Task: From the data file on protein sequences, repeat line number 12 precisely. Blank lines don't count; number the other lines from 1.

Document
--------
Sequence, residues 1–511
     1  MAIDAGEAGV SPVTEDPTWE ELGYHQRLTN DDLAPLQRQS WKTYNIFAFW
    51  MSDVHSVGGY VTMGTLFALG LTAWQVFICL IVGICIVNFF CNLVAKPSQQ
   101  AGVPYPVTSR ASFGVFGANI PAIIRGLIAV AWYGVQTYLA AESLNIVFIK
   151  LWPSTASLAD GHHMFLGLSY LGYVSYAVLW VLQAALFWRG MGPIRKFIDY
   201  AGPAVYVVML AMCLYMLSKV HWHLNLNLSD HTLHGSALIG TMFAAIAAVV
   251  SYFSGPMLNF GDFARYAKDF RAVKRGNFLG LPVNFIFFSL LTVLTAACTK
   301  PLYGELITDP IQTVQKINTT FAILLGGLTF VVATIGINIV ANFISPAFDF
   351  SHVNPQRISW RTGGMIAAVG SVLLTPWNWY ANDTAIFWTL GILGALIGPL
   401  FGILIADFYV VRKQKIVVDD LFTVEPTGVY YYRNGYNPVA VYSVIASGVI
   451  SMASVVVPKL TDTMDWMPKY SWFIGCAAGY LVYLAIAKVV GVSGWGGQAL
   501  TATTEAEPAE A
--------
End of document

   501  TATTEAEPAE A